Review: Warcraft – The Beginning (2D)

Duncan Jones directing this fantastic epic isn’t the only thing that’s totally baffling and confusing with this project!

The realm of Azeroth is at peace with its native races working together, but when a barbaric race known as Orcs build a portal between their worlds and invade, alliances must be forged and sides must be chosen to save the civilized world.

Blizzard Entertainment is one of the biggest, most financially successful video game companies in the world; dominating multiple genres of the industry and becoming highly competitive in others. Warcraft is based off one of their founding products back in 1994 for Windows PC and Macintosh computers, and would start a consistent trend of world building and immersive storytelling within the company’s projects.
The Warcraft movie has been in development for years, Blizzard making the announcement as far back as 2006, including twenty months of post production. They really, really want to make a difference in the languishing “video game film adaptation” genre…

Sadly even Blizzard Entertainment struggle.

I am not a fan of Warcraft (I have not played the games, not even World of Warcraft – the company’s most popular game with over 60 million players) but since this movie was finally given the subtitle “The Beginning”, I had hoped for a good entry way into the franchise.
Sadly I felt very lost!
Within the opening twenty minutes there are perhaps four unique locations all across the land of Azeroth; the audience are tossed backwards and forwards from location to location through excessive editing. I had no bearing over where anything was, add to the issue with a mage constantly teleporting himself and others instantly from place to place. I don’t even know where the Orcs came from… another world? Continent? If another world, then… how? There are other worlds?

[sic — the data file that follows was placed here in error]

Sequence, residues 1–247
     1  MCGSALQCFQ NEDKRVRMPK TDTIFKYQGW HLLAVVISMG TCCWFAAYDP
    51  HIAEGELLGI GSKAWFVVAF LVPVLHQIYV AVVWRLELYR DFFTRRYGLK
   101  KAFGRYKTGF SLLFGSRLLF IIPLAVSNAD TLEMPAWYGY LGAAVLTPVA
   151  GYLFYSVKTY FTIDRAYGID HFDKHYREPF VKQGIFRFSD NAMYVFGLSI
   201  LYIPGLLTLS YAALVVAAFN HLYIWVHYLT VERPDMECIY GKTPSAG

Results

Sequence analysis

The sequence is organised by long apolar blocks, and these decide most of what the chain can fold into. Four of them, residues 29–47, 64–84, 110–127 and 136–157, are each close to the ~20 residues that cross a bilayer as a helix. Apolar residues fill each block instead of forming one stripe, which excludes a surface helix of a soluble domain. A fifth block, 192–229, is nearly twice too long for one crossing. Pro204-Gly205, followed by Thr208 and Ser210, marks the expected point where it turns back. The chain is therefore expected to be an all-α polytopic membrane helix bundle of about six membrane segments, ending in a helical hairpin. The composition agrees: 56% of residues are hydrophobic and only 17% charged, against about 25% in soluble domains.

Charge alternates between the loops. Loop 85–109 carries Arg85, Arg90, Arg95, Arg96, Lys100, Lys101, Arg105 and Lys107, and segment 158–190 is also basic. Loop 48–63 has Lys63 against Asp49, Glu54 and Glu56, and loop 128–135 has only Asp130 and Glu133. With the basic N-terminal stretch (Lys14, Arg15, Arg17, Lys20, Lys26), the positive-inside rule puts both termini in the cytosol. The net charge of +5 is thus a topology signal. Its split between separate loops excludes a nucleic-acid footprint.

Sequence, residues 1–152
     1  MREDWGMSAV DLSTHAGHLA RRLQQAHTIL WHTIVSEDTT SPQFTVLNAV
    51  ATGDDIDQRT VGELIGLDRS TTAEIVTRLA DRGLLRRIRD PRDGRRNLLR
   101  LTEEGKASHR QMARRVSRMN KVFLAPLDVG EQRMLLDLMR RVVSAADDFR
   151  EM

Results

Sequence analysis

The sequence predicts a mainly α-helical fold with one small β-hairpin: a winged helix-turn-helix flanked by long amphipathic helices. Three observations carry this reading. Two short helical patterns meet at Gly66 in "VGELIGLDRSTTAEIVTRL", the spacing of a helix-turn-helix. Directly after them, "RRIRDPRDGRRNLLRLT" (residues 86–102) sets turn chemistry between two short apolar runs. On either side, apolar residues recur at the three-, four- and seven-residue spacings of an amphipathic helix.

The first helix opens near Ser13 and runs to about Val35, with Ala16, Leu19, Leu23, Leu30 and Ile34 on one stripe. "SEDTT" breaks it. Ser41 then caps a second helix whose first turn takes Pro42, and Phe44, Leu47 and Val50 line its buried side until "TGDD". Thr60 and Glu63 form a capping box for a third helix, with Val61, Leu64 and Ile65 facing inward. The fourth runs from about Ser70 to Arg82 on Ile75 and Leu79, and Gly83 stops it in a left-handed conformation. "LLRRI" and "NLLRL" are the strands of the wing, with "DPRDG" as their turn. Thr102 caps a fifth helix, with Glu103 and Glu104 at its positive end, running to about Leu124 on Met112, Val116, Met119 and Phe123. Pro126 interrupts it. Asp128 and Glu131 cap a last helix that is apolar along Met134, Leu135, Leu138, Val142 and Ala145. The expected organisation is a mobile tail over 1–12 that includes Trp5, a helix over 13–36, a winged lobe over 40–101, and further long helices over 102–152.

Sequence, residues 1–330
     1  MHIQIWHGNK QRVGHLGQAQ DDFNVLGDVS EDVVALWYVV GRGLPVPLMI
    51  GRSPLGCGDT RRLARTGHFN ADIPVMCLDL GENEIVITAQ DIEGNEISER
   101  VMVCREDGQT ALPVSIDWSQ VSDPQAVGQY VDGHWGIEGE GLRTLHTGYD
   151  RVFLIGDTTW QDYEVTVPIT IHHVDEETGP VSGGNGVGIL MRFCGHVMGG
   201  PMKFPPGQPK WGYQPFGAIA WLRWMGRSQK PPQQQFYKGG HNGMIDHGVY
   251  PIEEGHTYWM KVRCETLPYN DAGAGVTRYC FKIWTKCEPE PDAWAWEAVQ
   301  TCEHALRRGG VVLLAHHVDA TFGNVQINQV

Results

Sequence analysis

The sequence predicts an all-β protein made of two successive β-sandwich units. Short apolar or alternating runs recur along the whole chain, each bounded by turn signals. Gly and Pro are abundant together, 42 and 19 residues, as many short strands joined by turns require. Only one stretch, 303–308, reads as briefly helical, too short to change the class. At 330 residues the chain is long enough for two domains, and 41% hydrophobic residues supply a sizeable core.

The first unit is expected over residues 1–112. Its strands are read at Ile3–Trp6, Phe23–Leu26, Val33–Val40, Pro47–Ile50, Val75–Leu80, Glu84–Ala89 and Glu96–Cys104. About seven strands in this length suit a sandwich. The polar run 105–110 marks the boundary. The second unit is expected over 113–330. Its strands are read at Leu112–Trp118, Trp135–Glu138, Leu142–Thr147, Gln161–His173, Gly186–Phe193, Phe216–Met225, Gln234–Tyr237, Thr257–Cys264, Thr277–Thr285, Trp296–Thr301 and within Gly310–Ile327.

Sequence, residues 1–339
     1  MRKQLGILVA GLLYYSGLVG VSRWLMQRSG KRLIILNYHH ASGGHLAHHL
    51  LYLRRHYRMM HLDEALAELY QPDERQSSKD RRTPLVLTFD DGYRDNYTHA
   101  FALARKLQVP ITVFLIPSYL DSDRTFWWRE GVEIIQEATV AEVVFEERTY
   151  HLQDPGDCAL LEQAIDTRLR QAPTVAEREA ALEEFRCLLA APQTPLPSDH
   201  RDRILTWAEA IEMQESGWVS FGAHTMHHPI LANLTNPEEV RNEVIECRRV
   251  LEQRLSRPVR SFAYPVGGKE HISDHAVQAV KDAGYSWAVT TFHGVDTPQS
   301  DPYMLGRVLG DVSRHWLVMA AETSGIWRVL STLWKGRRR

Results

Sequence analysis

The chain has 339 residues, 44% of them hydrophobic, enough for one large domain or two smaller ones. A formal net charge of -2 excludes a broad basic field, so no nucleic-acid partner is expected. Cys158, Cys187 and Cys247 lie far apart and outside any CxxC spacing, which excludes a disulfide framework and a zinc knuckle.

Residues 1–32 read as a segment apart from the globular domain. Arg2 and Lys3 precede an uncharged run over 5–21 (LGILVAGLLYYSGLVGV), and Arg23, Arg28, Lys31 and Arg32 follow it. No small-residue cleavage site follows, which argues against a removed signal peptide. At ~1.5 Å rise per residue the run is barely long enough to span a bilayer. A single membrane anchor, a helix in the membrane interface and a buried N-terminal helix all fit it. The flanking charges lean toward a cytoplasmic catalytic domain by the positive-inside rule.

This film is definitely designed for the fans. Duncan Jones even altered the script to make The Horde characters more sympathetic, and the overall story isn’t just designed from the 1994 game but by using elements from two Warcraft novels.

I had real difficulty understanding what was happening, but also difficulty appreciating motivations or even sympathy for the characters. Heck, even their names were hard to remember.

But this is perhaps what they wanted? With appeasing the fans they are making a successful adaptation? To break the cycle of inaccurate game adaptation? All I can tell you is that I didn’t learn very much about Azeroth! Apart from all the characters being archetypes. As an introductory chapter… that’s a severe problem.

I’ve spent a lot of time criticising Warcraft, what is there to praise? The animation for sure. While the human characters are actors in costume, the creatures, surroundings and especially Orc characters are fully CGI. It is impressive; there’s a lot of subtle animation going on (in fact the first scene between Orcs is designed to show off subtle facial animation!)

I cannot fathom the same man directed Moon and Source Code directed this. I hope it does well enough to warrant a sequel, but as an outsider I was pretty bored and lost watching it. I reckon I could pick up the games and have just as much fun learning the world. Not worth a cinema trip, but perhaps TV or rental.


Additional Marshmallows: Kudos to Blizzard Entertainment, early on in development notorious director Uwe Boll approached them to helm the project. Blizzard politely declined, knowing Boll’s terrible reputation for video game adaptations, by saying:

“We will not sell the movie rights, not to you… especially not to you. Because it’s such a big online game success, maybe a bad movie would destroy that ongoing income.”

That is awesome.


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